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Lead author of key Swiss wartime report dies

Bergier said in 2005 that it was a pity that some of the deficiencies pointed out by the commission were not taken into consideration. Keystone

The historian who chaired an expert commission investigating Switzerland's role in the Second World War has died.

Jean-François Bergier died on Thursday morning at the age of 77 at a hospital in Blonay, near Lake Geneva, after a short battle with cancer, his family said.

The independent commission of experts (ICE) was set up in 1996 in response to a scandal involving dormant Swiss bank accounts belonging to victims of the Holocaust.

The ICE’s mandate was to investigate the volume and fate of assets moved to Switzerland before, during and immediately after the war. Its final report, published in 2002, shattered many myths about the country’s wartime history.

Bergier’s commission found that government and industry had cooperated with the Nazis, and that Switzerland had turned away thousands of Jewish refugees at its borders.

The report, named after Bergier, also destroyed the idea that Switzerland’s defences had saved it from Nazi invasion, and highlighted the uneasy relationship the Swiss had maintained with Germany.

Ruth Dreifuss, who was a member of the government when the commission was set up, told that she was saddened by the news of his death and said that Switzerland owed him a debt of gratitude for his role as a teacher and professor and for presiding over the commission.

“I think the Bergier report was of utmost importance. It is always difficult to know exactly the history of dramatic facts and the report, which in my view is a very balanced one, gives a good picture of what Switzerland did and how Switzerland reacted during the time of the Second World War.”

But the Swiss People’s Party parliamentarian Oskar Freysinger noted that while he regretted the historian’s death, the value of the commission’s report was questionable.

“The end result was dictated ahead of time. It was an order that was given to sweeten the Americans and the World Jewish Congress.”

History specialist

In a 2007 interview with Bergier said he hoped the commission’s report had made Switzerland aware of its past.

“We had to find the fair view of reality – between the rosy picture [of Switzerland] some had tried to promote during the Cold War and the criticism which arose in some circles from the 1970s,” he said.

At the same time he said it was a pity that some of the deficiencies pointed out by the commission were not taken into consideration.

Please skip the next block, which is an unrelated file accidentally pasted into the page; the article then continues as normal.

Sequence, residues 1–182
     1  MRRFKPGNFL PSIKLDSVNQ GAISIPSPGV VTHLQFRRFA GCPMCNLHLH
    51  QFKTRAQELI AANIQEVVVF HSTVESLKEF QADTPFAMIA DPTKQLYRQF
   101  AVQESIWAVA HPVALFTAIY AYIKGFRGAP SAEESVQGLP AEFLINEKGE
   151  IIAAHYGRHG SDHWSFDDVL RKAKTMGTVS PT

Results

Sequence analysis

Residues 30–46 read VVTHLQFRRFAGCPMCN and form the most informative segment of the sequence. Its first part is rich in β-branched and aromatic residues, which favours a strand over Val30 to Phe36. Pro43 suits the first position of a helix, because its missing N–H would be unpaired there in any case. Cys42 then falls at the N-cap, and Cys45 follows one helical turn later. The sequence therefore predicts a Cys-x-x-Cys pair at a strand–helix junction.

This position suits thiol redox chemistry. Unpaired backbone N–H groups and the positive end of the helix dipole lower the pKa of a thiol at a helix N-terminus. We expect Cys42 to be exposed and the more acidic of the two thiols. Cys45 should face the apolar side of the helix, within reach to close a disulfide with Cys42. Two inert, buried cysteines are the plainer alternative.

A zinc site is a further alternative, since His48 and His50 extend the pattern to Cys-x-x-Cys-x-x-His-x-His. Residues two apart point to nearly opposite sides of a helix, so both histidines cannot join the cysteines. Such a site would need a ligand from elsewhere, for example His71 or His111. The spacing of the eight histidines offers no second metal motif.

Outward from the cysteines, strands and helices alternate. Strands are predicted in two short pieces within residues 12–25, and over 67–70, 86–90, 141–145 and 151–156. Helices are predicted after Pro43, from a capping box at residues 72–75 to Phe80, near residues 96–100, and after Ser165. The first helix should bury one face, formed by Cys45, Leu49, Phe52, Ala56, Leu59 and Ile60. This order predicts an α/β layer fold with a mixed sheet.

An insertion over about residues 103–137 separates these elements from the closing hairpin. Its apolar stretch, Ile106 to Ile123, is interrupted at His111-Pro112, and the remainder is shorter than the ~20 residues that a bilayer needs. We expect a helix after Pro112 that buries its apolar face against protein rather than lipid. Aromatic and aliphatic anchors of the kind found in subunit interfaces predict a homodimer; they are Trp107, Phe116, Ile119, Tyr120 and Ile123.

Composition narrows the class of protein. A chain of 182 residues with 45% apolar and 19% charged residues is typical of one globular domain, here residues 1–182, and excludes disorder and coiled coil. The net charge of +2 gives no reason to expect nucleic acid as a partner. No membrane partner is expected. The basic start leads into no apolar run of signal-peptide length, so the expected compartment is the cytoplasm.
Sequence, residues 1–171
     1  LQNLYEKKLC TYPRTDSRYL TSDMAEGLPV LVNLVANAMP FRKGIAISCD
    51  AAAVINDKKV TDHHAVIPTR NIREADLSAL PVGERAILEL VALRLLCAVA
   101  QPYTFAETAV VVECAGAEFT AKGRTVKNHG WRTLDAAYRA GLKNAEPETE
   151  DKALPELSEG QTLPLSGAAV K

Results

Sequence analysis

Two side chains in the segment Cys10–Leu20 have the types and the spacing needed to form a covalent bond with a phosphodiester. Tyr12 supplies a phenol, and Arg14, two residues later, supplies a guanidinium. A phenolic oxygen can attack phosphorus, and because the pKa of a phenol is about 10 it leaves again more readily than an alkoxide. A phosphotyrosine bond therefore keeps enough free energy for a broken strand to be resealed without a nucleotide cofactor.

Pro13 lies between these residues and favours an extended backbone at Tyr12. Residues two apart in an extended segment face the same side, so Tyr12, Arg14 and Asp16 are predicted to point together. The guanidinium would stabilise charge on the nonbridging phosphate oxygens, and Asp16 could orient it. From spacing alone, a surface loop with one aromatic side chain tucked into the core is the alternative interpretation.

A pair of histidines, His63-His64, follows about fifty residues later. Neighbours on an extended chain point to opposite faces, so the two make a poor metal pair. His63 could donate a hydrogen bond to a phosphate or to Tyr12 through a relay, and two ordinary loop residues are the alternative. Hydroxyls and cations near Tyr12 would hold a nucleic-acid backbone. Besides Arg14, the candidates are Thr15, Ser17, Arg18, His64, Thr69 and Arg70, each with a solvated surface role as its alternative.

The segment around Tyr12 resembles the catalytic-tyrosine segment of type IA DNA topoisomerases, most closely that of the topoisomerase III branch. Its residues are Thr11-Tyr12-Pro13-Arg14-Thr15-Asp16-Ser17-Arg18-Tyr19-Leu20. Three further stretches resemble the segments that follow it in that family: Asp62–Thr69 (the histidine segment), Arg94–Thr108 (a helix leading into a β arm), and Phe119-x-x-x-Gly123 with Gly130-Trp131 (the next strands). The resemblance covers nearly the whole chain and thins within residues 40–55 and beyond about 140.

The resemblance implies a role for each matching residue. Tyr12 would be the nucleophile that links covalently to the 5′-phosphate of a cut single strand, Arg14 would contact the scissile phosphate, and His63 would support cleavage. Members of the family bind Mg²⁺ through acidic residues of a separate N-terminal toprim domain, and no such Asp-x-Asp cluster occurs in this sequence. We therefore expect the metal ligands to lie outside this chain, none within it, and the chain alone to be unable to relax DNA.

“And above all there’s the issue of Switzerland’s historical responsibility. You have to be responsible for your past. On that condition you can face the future clearly and calmly,” he said.

Bergier belonged to a number of institutions, among them, the Institut de France and the Royal Academy of Belgium.

He studied in Geneva, Munich, Paris and Oxford and specialised in the economic, social and cultural history of Switzerland and other alpine countries.

He held a number of university posts including the professorial chair of history at the Swiss Federal Institute of Technology in Zurich from 1969 to 1999 and was a visiting professor at Sorbonne University in Paris.

Bergier also chaired the Scientific Committee of the Francesco Datini International Institute of Economic History in Italy and was the honorary president of the International Association of Economic History.

Julia Slater and Jessica Dacey,

December 13, 1996: Parliament approves a decree on historic and judicial research into the assets that arrived in Switzerland as a result of the National Socialist regime in Germany.

December 19: The government names the independent commission of experts. They take up their task in May, 1997.

May 1998: Presentation of intermediate report, “Switzerland and gold transactions during the Second World War”.

December 1999: Presentation of second intermediate report on Swiss policy towards refugees.

December 19, 2001: The definitive report is handed in.

March 2002: The commission gives the government its final report – 600 pages, which complements the 11,000 of the 25 volumes published.

The commission is disbanded after a five-year operation that cost SFr22 million ($18.3 million).

Born in December 5, 1931 in Lausanne

1963 – PhD from Geneva University

1963–1969 – professor of economic history at Geneva University

1969-1999 – professorial chair of history at the Swiss Federal Institute of Technology in Zurich

1976–1978 – visiting professor at the Sorbonne in Paris

1985 – awarded an honorary doctorate from St Gallen University

1996-2001 – president of the Independent Commission of Experts: Switzerland – Second World War

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